Ola Larsson's Group
mRNA translation is an essential step in the gene expression pathway that can dramatically and specifically affect protein levels. My group aims to understand how translation is dysregulated in cancer and if such regulation contributes to patient outcome. Such knowledge could allow for future therapies targeting faulty translation in cancer.
Post-transcriptional regulation acts after transcription but before synthesis of the protein in processes including mRNA splicing, mRNA transport from the nucleus to the cytoplasm, mRNA stability and mRNA translation. Control of translation is the last step where synthesis of proteins from an mRNA can be avoided or stimulated thus offering a mechanism for fast responses to external stimuli and control of genes whose potentially detrimental expression calls for tight regulation (e.g. oncogenes). In most cases translational control is a process that regulates how many ribosomes that are initiated on each mRNA and differential translation initiation involves a shift in the number of ribosomes synthesizing proteins from each mRNA per time unit and thereby affects the protein level. Translational control can be a general process where the translational activity of most mRNAs is regulated similarly or a specific process only targeting single or groups of mRNAs. The specificity for regulation resides within the mRNA sequence; regions designated RNA-elements often found in the UTRs. Regulation is mediated through interactions between RNA-elements and binding proteins. Specific translational control has been studied in many processes including development, differentiation, hypoxia, response to growth factors, metastasis, irradiation, apoptosis, proliferation and heat shock. However, a synthesis regarding which mRNAs are targeted by what mechanisms and to mediate which biological functions is lacking.
Dysregulation of translational control of gene expression is essential for the malignant phenotype in mammary epithelial cells and out of the approximately 300 cancer-related genes recognized more than three quarters affect translational regulation. Further, the translation factor that has commonly been studied in cancer, initiation factor 4E (eIF4E), is a marker for poor prognosis breast cancer and even among poor prognosis triple negative breast cancers high eIF4E is a risk factor. However, the mechanisms and the results of dysregulated translational control in breast cancer with regard to initiation, progression, metastasis and prognosis are largely unknown. To understand the role of translational control in breast cancer, more knowledge of how translational control is organized at a genome wide level is essential.
The goal of our research program is to generate knowledge about the organization, specificity and mechanisms of translational control. Such information will pave the way towards studies of how translational control can integrate diverse signals that affect breast cancer prognosis; used to identify molecular subtypes driven by translation; and used to identify molecular mechanisms that are potential targets for treatment. From the perspective of treatment of breast cancer, finding genes and mechanisms that define dysregulation of translational control may guide us towards new therapeutic targets for treatment of poor prognosis breast cancers.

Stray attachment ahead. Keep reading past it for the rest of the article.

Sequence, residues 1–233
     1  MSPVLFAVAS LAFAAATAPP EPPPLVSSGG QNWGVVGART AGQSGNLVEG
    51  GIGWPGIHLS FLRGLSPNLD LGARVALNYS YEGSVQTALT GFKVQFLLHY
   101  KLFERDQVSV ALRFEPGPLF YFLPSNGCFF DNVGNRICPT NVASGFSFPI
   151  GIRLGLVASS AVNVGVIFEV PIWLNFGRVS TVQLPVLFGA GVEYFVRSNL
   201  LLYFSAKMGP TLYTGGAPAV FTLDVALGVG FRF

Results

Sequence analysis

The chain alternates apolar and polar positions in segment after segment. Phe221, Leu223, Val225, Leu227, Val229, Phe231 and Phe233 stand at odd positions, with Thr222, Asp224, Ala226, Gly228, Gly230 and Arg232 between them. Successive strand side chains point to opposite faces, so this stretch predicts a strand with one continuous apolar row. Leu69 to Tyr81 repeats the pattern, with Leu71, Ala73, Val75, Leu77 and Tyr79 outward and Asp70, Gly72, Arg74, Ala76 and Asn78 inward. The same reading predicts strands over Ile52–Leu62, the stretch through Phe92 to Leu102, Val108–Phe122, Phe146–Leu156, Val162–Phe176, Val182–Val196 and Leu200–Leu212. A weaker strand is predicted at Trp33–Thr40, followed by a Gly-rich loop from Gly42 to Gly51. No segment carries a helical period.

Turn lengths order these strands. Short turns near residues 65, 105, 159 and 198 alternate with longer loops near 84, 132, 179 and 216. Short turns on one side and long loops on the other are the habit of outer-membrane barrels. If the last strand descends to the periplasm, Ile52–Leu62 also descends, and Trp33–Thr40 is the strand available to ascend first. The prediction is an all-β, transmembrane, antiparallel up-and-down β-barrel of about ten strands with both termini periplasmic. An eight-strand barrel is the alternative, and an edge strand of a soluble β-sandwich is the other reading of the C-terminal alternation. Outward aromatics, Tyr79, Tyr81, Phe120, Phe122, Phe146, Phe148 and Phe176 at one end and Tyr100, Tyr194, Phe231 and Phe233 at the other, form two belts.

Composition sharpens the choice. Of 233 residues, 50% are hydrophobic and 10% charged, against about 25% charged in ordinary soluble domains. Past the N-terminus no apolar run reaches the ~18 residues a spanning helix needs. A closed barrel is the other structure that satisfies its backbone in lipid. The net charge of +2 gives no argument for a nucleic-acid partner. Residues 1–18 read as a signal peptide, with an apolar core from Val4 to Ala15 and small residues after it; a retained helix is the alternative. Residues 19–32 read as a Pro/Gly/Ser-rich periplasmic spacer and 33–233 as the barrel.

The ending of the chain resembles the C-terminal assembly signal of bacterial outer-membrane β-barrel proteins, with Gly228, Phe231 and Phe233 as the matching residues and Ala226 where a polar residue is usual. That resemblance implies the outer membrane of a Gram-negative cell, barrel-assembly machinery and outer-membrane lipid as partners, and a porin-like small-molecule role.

- Swedish Research Council (VR)
- National Institutes of Health (NIH)
- European Research Council (ERC) Reintegration
- Swedish Cancer Society
- Cancer Society in Stockholm
- Jeansson Foundation
- Åke Wiberg Foundation
- Magnus Bergvall Foundation
- Karolinska Institutet Funds
- The Swedish Foundation for International Cooperation in Research and Higher Education (STINT)
- "RECIT", a tool for integration and selection of biologically active putative RNA-elements.
- "anota" for analysis of differential translation.
- "bTransform" for transformation of replicated data.
Ola Larsson, Assistant Professor, Group leader
Olga Issaenko, Visiting scientist
Carl Murie, Post-doctoral fellow
Laia Masvidal-Sanz, Post-doctoral fellow
Vincent van Hoef, Post-doctoral fellow
Kristina Sikström, Graduate student
Shuo Liang, Graduate student
Julie Lorent, Graduate student
Johannes Ristau, Graduate student
Christian Oertlin, Graduate student
Eva Bjur, Post-doctoral fellow
Matthew Parker, Post-doctoral fellow (visiting)
Elveda Caliskan, Master student
Fibrotic extracellular matrix activates a profibrotic positive feedback loop.
J. Clin. Invest. 2014 Apr;124(4):1622-35
Correlation of regional emphysema and lung cancer: a lung tissue research consortium-based study.
J Thorac Oncol 2014 May;9(5):639-45
mTORC1 controls mitochondrial activity and biogenesis through 4E-BP-dependent translational regulation.
Cell Metab. 2013 Nov;18(5):698-711
Larsson O, Nadon R (2013) Re-analysis of genome wide data on mammalian microRNA-mediated suppression of gene expression Translation, 1 e24557: 1-9.
Distinct translational control in CD4+ T cell subsets.
PLoS Genet. 2013 May;9(5):e1003494
Distinct perturbation of the translatome by the antidiabetic drug metformin.
Proc. Natl. Acad. Sci. U.S.A. 2012 Jun;109(23):8977-82
anota: Analysis of differential translation in genome-wide studies.
Bioinformatics 2011 May;27(10):1440-1
Identification of differential translation in genome wide studies.
Proc. Natl. Acad. Sci. U.S.A. 2010 Dec;107(50):21487-92
eIF4E phosphorylation promotes tumorigenesis and is associated with prostate cancer progression.
Proc. Natl. Acad. Sci. U.S.A. 2010 Aug;107(32):14134-9
mTORC1-mediated cell proliferation, but not cell growth, controlled by the 4E-BPs.
Science 2010 May;328(5982):1172-6